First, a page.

2 Chronicles 26:5 says, “And as long as the king sought guidance from the Lord, God gave him success” (NLT). That’s an important lesson for us to learn. If you and I will seek God’s guidance and wisdom, He will give us success in the things we do. God loves to give us wisdom, but it’s our choice whether to follow it or not. The path God gives is rarely the easy path and requires us to make tough decisions. Sometimes it doesn’t make sense to us, but remember, He’s not looking at what you see now. He’s looking ahead to the parts of the road you can’t see. The guidance He gives is based on His plan for you, and we know He has good plans for each of us. No matter where you are in your journey, there’s still time to start seeking God’s guidance.

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Fighting God’s Battles

We all get into situations where we don’t know what to do. There are also times when we’re in over our heads and fighting battles we can’t win on our own. Should we turn and run? Should we seek counsel? Should we just give up? Should we stay and fight? Just because you’re in one of these situations, it doesn’t mean you’re out of God’s will. So many times our thought process is that when things are going wrong that somehow we are out of God’s will or we’ve done something wrong. While that can be true sometimes, the truth is that if you’re in God’s will, you’re going to be tested, fought against and opposed. God’s desire for each of us is to trust in and rely on Him more than we do. Often the way to a deeper faith is through situations where we can’t do it on our own.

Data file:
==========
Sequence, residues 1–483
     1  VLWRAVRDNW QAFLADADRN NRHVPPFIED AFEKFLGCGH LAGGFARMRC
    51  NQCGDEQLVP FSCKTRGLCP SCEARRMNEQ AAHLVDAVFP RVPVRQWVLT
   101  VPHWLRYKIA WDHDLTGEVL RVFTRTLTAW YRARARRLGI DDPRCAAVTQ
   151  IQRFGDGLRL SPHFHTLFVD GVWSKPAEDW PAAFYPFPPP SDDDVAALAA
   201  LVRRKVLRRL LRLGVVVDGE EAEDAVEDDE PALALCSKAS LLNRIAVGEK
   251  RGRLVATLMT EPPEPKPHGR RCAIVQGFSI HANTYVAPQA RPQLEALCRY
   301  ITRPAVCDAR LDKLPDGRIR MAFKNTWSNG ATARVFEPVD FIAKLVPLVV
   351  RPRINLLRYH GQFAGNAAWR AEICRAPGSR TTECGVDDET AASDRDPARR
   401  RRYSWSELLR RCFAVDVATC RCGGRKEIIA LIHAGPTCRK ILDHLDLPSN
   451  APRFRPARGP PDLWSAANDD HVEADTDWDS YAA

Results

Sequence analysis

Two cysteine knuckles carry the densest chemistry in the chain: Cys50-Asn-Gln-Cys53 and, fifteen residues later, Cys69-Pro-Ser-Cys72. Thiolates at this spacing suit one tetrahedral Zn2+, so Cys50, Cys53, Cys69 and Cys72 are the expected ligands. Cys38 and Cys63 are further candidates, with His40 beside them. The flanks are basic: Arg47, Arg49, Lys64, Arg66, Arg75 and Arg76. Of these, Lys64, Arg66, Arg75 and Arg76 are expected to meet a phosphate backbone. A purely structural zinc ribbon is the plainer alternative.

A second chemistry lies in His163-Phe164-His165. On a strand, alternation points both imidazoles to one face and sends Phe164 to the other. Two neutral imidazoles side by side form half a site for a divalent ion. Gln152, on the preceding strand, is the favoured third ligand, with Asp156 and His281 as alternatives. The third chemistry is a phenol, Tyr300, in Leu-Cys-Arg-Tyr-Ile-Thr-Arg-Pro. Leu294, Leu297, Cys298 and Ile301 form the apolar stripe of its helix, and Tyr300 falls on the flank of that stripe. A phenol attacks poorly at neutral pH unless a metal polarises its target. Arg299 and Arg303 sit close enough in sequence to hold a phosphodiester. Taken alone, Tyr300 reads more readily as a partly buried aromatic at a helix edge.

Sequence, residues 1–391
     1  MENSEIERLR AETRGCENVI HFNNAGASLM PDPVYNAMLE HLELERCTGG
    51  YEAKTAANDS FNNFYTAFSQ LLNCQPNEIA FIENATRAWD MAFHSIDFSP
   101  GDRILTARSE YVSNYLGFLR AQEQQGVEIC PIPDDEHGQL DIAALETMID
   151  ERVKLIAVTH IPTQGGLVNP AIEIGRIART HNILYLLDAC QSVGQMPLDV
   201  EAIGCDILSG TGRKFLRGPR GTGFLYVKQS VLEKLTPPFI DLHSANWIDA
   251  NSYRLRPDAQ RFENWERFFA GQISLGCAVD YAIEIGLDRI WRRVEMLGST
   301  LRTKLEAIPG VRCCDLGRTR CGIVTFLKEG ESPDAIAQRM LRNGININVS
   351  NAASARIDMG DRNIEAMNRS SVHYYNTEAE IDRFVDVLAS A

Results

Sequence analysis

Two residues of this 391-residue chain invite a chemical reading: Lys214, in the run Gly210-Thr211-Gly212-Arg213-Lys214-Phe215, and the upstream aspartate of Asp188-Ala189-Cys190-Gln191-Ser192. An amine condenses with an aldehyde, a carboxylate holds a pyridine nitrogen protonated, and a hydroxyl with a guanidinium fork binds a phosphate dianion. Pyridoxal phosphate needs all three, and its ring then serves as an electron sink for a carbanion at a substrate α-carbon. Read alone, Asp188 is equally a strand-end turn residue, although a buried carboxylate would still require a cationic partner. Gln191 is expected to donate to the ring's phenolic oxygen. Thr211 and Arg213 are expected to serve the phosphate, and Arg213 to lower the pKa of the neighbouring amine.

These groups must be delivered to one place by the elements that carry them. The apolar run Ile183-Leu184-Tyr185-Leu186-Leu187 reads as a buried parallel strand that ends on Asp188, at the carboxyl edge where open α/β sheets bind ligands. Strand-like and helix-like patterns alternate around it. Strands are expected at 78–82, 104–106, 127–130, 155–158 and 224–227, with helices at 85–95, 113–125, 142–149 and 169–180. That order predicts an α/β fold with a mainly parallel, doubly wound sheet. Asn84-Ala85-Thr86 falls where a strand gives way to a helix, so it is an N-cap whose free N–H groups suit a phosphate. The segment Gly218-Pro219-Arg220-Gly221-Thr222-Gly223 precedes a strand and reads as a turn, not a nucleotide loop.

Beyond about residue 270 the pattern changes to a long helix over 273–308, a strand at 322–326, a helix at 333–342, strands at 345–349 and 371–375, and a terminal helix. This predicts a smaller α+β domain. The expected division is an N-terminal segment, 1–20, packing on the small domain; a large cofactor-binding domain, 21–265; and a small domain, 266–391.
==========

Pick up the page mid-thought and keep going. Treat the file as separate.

King Jehoshaphat of israel loved God and was instrumental in turning the nation back to Him. He tore down idols, trained the people in God’s Word, returned priests to their roles and sought God. It was during this time that armies from three countries united against him. He was terrified by the size of the army, but instead of being paralyzed, He sought God through fasting and prayer. He then encouraged others to fast and pray with him. In 2 Chronicles 20:12, he finished his prayer with, “We do not know what to do, but we are looking to you for help” (NLT). This is the key. So many others, ourselves included, do everything we can first, then we seek God for help. When we seek God first (and His Kingdom), then we will receive wisdom, favor, help and victory.